Water Journal : Water Journal September 2012-1
sustainable water management technical features 80 SEPTEMBER 2012 water • Australian Guidelines for Water Recycling: Stormwater Harvesting and Reuse, July 2009; • Model for Urban Stormwater Improvement and Conceptualisation (MUSIC); • CWW internally developed runoff and harvesting tools using historical climate data; and • Code of Practice: Irrigated Public Open Space South Australia (CoP). A concept design was developed for each project highlighting a number of underlying risks and assumptions. Investigation of the schemes' risks and assumptions was undertaken by the following method: 1. Demand and rainfall modelling was undertaken to assess whether sufficient runoff could be harvested and make the projects financially viable; 2. Harvesting impacts on the wetlands and downstream waterways; 3. Assessment of wetlands for suitability of stormwater harvesting and their ability to provide fit-for-purpose non-potable water; 4. Design and environmental site constraints: assessing flora and fauna and cultural heritage aspects. The initial concepts were to use the existing wetlands as storage and treatment by either using or raising the permanent pool depth. The permanent pool would be drawn upon directly from the last pond in the wetlands flow and would supply the end users on an as- needs basis. The last pond was chosen because the water was considered to be the cleanest, and because the pond was closest to the demand locations. The concept extraction points can be seeninFigures1and2bytheredXfor Schemes A and B, respectively. Discussion Using catchment characteristics, field data and the as-constructed designs, the wetlands' flow was recreated in MUSIC. Climatic data for the long-term average year of Western Melbourne was used to estimate the annual harvested volume. The wetlands' outfall data was then used in internally developed stormwater harvesting models. The internal models follow best practice using the (CoP) to determine turf irrigation demand. The outputs from the models indicate that, on average, a satisfactory and financially viable amount of water could be harvested from the wetlands provided relatively large storages for each scheme were provided. Separate modelling was undertaken to determine how harvesting from the wetlands' sub-catchments affected the flow into downstream water systems. The modelling indicated that, with harvesting, only 25% of flows had a reduction in greater than 10% instantaneous flow. This includes low flow conditions when the modelled flow was less than 1L/s. The modelling outputs were considered acceptable and it was decided to proceed further with the concept investigations. Options were explored to store the water. It was initially conceived to raise the permanent pool depth in both the wetlands; however, expert advice from the wetlands owner, Melbourne Water, indicated that this would hamper the performance of the wetlands in relation to flood mitigation and could affect the wetland ecology. This was an undesirable outcome. An extraction system that could operate within the extended detention depth was considered acceptable by Melbourne Water. Foxwood Dve Dunnings Rd Boardwalk Estate Wetlands Carranballac College, Boardwalk Campus City of Wyndham Reserve Emmanuel College X Figure 1. Scheme A.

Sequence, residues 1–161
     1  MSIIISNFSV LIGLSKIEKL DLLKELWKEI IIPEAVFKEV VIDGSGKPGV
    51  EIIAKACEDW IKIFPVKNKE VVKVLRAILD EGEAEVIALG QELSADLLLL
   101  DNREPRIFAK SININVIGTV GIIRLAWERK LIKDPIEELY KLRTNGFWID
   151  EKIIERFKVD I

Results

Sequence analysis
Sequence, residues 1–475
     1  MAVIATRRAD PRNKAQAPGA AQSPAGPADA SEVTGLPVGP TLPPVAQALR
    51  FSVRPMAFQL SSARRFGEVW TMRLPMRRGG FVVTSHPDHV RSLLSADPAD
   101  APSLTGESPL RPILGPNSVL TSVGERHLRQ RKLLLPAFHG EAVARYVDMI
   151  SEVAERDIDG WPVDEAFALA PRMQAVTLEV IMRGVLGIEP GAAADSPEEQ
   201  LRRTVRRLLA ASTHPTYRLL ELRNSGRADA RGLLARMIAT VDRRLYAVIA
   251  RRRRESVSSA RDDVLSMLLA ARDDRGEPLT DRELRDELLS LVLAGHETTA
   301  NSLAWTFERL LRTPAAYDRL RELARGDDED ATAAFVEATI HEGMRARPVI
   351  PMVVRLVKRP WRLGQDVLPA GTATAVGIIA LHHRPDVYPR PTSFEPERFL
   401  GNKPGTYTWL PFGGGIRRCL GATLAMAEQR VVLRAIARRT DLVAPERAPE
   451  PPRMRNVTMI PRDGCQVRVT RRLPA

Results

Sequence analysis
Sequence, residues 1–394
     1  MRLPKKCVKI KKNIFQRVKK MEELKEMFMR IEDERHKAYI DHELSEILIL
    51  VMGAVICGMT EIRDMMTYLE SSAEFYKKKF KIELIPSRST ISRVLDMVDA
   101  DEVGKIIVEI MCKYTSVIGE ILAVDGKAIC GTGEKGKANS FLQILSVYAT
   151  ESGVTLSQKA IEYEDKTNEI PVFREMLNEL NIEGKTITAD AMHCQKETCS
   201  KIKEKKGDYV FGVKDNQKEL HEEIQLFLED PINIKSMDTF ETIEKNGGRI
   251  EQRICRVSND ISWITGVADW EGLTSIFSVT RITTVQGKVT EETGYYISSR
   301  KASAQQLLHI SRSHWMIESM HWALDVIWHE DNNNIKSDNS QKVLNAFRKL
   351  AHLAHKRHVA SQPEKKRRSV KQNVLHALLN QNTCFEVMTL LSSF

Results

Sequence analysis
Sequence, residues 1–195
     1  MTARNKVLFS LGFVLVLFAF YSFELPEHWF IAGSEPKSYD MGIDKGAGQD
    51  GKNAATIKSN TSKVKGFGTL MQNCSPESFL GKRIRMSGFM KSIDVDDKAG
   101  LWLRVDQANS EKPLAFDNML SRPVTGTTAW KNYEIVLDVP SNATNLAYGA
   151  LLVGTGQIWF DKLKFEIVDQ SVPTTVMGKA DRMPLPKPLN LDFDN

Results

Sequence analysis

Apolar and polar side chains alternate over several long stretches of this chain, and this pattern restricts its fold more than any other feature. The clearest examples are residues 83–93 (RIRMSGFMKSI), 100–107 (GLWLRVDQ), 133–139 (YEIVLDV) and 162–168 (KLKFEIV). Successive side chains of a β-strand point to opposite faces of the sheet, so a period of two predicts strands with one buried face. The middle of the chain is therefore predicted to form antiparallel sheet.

Water Journal November 2012-1
Water Journal August 2012